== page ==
Photo credit: Robin Malmanger
A few months ago, I listened to a podcast about a guy who ran around the world thanking “every” person involved in making the cup of coffee he enjoyed one morning. He flew to South America and thanked the bean grower and processors. He went to Europe and thanked the designer of packaging equipment. He thanked the guy who made the bag the beans traveled in and the shipper who organized its transport. He drove to the midwest and thanked the cup maker and even the guy who invented the little tab on the lid of his cup. He dug deep and discovered how incredibly complicated his simple cup of coffee was, and how many people were involved in his ability to better enjoy a nice morning sitting at his kitchen table with his young daughter. The gratitude of his exchanges with the various players was touching.
This warm, neat story of connection showcased the ties that bind us all. In ways that are easy to overlook or take for granted, we are connected and count on each other, whether we know it, or each other, at all. This story stands as a sweet reminder of the human beings who, in the course of living their lives, contribute to ours. It’s a small, big world.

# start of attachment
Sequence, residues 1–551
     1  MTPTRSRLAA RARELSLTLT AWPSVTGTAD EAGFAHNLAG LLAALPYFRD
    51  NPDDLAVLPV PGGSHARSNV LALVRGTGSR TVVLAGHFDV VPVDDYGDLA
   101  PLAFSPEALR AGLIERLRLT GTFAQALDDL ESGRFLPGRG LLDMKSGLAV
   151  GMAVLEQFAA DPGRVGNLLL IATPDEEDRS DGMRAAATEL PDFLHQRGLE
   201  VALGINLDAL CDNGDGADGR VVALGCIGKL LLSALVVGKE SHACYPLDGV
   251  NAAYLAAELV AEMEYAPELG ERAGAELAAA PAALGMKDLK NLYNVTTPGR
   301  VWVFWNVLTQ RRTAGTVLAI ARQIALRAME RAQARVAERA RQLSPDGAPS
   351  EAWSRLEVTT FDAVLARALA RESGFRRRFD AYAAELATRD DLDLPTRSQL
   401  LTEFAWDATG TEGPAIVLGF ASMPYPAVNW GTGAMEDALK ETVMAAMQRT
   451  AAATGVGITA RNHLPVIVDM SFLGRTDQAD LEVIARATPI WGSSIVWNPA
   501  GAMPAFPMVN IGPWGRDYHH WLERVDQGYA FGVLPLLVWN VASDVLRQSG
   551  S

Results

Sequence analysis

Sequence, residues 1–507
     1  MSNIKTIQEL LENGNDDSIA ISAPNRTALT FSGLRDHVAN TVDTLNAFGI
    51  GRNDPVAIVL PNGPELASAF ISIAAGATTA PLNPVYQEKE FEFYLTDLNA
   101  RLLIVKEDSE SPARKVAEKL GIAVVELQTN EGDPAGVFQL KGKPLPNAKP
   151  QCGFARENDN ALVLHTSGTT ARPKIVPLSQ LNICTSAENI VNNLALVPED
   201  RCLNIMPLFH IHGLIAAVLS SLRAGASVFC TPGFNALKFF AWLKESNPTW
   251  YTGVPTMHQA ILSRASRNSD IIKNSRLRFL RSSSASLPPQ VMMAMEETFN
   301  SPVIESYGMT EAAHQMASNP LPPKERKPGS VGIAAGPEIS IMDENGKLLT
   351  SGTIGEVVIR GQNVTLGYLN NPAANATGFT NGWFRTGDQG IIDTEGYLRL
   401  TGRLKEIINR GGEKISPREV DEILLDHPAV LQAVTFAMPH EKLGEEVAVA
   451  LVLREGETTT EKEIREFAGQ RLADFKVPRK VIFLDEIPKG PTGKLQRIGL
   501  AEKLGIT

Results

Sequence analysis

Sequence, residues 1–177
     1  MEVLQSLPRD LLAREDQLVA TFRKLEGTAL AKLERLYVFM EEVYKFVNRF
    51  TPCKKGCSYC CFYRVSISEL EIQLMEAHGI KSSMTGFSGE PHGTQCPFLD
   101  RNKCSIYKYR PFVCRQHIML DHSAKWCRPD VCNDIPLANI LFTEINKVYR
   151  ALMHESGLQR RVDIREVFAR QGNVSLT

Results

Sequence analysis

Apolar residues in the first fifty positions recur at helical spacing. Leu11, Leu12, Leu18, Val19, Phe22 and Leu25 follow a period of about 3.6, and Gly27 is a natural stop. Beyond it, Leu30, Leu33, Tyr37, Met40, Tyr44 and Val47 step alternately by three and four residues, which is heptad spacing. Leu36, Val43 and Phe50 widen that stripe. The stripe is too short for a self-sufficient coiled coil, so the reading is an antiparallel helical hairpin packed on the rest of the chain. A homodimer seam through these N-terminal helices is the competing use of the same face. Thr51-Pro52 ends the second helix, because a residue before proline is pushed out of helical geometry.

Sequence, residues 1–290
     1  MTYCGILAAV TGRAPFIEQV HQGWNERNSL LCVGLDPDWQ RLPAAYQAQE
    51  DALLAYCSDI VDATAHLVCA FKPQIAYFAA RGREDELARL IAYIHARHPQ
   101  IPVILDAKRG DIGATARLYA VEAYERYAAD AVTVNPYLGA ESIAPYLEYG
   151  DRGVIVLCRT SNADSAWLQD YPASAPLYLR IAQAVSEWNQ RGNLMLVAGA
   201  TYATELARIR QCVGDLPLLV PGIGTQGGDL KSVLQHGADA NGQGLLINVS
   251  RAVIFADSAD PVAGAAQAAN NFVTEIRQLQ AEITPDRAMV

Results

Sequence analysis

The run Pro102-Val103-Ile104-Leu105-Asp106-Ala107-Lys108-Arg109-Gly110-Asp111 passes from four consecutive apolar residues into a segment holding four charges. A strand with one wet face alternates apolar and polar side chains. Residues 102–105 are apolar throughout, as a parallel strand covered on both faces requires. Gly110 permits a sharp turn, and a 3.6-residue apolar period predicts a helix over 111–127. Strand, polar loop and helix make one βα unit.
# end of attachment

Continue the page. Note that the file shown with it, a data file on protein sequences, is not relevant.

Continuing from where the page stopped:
Some days of my week on my walk by the water, I stop and sit on a bench thinking and writing and feeling things. With a little different insight, I look at the breakwater and boats and docks and a sidewalk. These things were made by many people. The bench I sit on consists of recycled car tires. I think about the miles traveled by the countless people who at one time relied on the chips of rubber to take them to their destination. I imagine wonderful stories and see happy people. I don’t know them, but I thank them for their miles, and their place in my travels.
In the complex circuitry of a moving world, the most basic and common denominator is people. They/we make it happen. In little and big ways, we all add a piece to the whole, making it more whole. So, on a gray morning sitting in a chair made by someone else, I feel grateful and connected and a small part of a big, beautiful thing. It’s called “life”, and it’s lovely.
Dave Markwell is a life-long Des Moines liver and lover. Former owner of Waterland CrossFit and the Waterland Arcade, Dave is now using his unique story-telling voice to help small businesses tell a better story, and his love for people to help folks live bigger and better lives.
For more info. check out his website: wordsbydave.net.
He can be contacted at: [email protected].